Debra Atkinson:
    If you pick up a box, blow out and exhale, because then you're using your core in front and not straining your back. Little things like that will gradually help you a little bit more, so yes, you can, and here's what I would suggest. One thing that's really a dream, if you can, try yoga. Do yoga poses where you're in plank position, you're doing lateral poses, and you will find that a lot of them require a tight core in the way that's bracing and flattening that core. You're doing a lot of multitasking and working your core at the same time as working other muscles and working on your balance and decreasing your cortisol.

    Dr. Anna:
    I love that, because that makes such a big difference, that understanding engaging your core. That feeling of engaging our core is that complete exhale.

    Debra Atkinson:
    Yeah, right.

    Dr. Anna:
    That is so good. Tell us a little bit about what drove you to do your TEDX talk and what that was. I know you lead into a couple really key points that women, especially those of us over 50, and I'll be 54 this month, really-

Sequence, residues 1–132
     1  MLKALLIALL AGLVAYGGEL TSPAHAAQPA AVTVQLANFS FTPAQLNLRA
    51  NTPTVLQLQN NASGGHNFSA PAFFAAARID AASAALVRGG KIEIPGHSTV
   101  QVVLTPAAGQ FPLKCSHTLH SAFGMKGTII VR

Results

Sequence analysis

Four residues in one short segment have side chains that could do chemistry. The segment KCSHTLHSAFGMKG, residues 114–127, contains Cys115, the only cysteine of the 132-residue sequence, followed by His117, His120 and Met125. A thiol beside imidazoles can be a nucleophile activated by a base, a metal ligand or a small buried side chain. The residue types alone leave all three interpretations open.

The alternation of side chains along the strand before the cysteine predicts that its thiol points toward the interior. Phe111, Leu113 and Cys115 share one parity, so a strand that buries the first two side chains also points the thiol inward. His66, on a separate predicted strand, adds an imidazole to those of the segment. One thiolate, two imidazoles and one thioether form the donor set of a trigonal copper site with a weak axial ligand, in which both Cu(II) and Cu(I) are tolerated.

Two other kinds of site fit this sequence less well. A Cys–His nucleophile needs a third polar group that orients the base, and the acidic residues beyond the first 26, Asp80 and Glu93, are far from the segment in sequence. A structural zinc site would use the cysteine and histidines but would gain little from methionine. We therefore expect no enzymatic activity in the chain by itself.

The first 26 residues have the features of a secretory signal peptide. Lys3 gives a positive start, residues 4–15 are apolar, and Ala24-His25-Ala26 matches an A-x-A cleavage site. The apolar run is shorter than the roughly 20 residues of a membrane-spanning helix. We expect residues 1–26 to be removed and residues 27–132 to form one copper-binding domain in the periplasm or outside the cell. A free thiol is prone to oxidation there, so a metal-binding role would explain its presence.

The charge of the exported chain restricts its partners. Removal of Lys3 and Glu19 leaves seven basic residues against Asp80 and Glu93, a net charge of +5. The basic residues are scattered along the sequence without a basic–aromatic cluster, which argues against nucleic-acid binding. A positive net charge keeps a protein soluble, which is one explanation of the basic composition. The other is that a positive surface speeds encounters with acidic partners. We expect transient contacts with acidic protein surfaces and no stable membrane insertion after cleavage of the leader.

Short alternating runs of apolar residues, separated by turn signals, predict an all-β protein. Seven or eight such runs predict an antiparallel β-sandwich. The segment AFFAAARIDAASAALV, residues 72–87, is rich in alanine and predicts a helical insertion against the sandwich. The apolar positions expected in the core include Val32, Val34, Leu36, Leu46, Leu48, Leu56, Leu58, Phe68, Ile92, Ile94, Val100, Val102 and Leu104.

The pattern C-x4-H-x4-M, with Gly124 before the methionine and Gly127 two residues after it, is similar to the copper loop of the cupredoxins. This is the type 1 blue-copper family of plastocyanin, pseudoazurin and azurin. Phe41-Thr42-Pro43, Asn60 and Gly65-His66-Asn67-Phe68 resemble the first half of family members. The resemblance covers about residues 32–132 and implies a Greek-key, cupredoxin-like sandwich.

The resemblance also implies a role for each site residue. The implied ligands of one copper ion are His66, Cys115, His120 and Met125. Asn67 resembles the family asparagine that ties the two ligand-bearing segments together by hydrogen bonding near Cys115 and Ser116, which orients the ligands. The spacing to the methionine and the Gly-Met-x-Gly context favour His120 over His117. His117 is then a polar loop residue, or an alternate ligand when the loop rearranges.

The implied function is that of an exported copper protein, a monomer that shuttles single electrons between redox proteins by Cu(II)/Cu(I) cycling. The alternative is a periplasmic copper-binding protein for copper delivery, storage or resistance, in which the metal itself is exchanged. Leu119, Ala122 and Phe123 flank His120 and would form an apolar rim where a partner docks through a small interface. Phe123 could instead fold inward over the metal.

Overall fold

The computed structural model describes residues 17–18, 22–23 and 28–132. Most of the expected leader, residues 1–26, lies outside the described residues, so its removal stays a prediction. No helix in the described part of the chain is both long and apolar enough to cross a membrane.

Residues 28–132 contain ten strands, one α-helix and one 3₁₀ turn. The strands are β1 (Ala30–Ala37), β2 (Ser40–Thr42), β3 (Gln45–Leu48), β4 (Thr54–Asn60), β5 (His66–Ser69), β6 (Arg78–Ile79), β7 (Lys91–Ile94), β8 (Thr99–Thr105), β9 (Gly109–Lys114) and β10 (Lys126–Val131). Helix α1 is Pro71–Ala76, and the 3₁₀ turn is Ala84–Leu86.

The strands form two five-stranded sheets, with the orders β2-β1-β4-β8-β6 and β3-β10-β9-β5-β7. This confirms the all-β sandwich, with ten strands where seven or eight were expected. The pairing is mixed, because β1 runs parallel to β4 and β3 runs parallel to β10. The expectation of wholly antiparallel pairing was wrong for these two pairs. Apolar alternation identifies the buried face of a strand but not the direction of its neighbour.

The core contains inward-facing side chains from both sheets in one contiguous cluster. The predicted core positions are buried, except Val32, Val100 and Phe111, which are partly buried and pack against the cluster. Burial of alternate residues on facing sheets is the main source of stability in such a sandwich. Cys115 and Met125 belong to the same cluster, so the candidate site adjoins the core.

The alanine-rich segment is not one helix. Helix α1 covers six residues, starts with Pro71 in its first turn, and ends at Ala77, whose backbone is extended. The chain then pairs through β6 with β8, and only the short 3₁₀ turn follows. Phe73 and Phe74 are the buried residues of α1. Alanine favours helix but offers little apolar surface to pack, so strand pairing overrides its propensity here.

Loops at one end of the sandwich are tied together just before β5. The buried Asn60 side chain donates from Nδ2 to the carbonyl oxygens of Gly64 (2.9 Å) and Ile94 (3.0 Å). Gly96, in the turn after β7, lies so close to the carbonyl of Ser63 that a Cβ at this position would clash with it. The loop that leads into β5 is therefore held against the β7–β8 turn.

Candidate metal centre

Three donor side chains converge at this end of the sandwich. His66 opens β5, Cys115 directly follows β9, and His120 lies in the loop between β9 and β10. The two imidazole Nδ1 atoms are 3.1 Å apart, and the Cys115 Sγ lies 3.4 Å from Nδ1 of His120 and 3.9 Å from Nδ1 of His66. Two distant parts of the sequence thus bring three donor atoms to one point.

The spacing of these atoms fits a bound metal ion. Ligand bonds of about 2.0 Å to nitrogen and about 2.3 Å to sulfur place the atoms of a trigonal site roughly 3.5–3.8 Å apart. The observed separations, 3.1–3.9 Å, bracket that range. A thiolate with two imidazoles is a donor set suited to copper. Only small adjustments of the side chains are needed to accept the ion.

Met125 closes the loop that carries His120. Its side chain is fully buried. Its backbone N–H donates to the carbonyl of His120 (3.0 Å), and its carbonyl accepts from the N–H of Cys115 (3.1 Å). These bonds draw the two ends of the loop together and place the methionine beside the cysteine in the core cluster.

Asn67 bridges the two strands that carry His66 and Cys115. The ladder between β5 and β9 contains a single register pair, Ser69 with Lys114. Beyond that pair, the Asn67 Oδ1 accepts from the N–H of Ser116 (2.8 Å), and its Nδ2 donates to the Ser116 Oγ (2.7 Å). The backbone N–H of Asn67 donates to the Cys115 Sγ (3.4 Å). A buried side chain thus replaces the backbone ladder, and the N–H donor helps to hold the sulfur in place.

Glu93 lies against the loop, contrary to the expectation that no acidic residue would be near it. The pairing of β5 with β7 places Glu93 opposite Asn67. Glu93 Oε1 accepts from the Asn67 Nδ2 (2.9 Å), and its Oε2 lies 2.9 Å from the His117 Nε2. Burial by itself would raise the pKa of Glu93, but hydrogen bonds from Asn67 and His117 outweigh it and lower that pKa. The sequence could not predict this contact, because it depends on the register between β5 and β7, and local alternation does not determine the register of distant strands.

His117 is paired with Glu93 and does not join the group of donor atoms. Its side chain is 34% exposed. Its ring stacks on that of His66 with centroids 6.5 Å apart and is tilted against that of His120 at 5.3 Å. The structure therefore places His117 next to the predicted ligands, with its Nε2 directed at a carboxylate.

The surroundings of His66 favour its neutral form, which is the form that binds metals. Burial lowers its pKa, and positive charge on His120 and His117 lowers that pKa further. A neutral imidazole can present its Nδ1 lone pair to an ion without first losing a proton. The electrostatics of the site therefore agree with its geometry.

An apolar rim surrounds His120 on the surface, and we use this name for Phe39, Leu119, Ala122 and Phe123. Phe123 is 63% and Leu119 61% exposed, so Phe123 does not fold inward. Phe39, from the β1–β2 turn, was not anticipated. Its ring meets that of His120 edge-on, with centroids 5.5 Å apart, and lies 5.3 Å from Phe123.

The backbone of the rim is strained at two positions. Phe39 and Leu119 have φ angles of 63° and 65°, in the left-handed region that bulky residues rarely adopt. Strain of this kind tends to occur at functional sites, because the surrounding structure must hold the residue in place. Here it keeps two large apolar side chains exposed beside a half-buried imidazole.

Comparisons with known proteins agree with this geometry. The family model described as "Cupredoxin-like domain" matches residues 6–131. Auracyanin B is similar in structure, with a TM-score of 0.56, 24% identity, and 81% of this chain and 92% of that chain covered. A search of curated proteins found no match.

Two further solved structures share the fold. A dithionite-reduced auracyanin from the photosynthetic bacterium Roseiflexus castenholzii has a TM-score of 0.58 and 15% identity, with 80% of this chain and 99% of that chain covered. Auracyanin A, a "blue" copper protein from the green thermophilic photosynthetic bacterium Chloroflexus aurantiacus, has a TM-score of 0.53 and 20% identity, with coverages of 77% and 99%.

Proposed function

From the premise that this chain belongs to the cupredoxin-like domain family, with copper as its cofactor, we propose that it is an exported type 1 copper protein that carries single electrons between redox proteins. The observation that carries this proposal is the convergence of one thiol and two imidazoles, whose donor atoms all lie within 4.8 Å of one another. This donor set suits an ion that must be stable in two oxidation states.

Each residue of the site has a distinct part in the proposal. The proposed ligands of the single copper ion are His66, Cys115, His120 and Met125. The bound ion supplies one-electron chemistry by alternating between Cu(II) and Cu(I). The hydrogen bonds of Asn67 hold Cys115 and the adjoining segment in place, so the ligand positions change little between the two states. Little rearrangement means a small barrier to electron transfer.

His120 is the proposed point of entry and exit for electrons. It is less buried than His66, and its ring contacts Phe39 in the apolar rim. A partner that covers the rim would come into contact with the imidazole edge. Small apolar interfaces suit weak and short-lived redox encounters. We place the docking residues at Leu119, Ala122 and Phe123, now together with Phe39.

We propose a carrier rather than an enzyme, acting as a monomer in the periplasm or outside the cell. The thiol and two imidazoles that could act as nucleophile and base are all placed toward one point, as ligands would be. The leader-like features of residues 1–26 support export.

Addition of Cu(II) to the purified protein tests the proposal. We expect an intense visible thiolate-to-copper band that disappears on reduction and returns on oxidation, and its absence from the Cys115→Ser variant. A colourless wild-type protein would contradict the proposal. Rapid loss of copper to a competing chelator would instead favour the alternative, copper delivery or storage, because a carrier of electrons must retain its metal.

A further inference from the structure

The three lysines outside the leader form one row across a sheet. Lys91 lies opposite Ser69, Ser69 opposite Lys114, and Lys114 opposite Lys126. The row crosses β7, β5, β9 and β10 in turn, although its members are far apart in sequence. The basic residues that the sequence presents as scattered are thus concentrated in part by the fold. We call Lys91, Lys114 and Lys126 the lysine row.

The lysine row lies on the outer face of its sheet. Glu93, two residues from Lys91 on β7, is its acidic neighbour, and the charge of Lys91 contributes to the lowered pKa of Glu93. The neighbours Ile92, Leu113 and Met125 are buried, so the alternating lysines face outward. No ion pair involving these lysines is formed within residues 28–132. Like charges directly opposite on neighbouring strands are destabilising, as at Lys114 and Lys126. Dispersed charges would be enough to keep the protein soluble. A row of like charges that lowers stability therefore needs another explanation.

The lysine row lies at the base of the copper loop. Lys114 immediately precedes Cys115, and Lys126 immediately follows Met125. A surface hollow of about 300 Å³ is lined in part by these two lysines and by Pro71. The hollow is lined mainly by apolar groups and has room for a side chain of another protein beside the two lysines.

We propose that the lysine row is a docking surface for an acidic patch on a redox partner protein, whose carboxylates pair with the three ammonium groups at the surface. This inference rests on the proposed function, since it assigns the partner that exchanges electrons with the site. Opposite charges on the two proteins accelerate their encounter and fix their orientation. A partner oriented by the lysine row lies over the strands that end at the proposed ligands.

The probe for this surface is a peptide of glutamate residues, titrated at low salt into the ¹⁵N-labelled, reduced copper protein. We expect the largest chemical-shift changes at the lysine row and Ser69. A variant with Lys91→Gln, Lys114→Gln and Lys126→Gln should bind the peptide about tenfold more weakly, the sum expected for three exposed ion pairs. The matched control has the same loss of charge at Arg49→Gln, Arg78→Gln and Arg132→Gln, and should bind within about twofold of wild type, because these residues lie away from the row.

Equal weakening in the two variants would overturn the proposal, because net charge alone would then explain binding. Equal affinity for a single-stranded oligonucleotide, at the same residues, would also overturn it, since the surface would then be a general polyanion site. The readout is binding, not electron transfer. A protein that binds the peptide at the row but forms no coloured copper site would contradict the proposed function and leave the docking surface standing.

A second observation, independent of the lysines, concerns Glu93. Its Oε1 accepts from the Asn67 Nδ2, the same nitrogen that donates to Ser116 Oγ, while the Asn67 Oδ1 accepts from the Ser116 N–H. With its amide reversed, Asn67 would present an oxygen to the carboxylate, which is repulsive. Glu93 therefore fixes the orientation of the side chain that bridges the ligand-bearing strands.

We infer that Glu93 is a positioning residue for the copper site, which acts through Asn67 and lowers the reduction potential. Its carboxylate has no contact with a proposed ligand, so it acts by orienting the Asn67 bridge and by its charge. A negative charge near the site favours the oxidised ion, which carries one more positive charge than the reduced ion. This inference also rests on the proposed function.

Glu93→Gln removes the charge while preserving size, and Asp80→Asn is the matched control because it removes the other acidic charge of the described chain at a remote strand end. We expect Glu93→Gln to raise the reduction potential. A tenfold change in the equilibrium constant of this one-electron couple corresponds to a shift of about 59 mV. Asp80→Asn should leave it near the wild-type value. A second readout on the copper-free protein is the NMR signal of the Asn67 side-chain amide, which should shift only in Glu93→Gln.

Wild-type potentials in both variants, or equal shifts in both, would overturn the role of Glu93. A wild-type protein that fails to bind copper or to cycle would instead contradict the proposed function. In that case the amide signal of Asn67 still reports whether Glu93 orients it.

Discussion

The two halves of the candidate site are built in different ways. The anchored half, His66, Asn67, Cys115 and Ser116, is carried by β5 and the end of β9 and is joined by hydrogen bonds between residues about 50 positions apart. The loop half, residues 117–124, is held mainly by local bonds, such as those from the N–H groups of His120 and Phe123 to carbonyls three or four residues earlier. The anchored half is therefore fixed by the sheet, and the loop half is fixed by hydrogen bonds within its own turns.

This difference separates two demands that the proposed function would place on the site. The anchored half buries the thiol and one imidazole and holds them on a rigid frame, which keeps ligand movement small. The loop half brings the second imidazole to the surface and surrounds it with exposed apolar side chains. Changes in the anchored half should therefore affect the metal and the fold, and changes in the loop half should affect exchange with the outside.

Debra Atkinson:
    Woo hoo.

    Dr. Anna:
    Yes, really need to recognize as it comes to working out. I will say this, in working with thousands of women, is that sometimes the under training is as harmful as the over training.

    Debra Atkinson:
    Yep, we're looking for the goldilocks.

    Dr. Anna:
    It's the goldilocks, okay.

    Debra Atkinson:
    Not too much and not too little, and for you, Dr. Anna, and for me and for anybody right now watching, our goldilocks is different, and it's different potentially right now today than it will be two months from now. We keep having to listen, use that feedback, and that's probably one of the best lessons regarding fitness and what you're doing, is listen, what is your body telling you? Because all of those little messages that tell you, "I'm not sleeping," or, "I've got this huge appetite when I exercise," probably are suggesting you're potentially doing a little bit too much, because if you're in that sweet spot, your appetite is better, your blood sugar is more stable and you've got even energy and you get healthfully hungry.

    Debra Atkinson:
    I think you're ready for a meal, but you also are ready to stop, and you understand what that feels like to be full and satisfied. Looking for that sweet spot, that's what I talked about, and I think the two stories that I really illustrated in my TED talk were that the tendency for women was to over exercise, so when there's something we decide, "I want to change this," it's those moments when, "[gasp] That wasn't there yesterday, like what?" Or, "I'm just feeling like I'm seven months pregnant, how can that be, and I'm in menopause?" and not feeling comfortable in your own body, and we want to do something.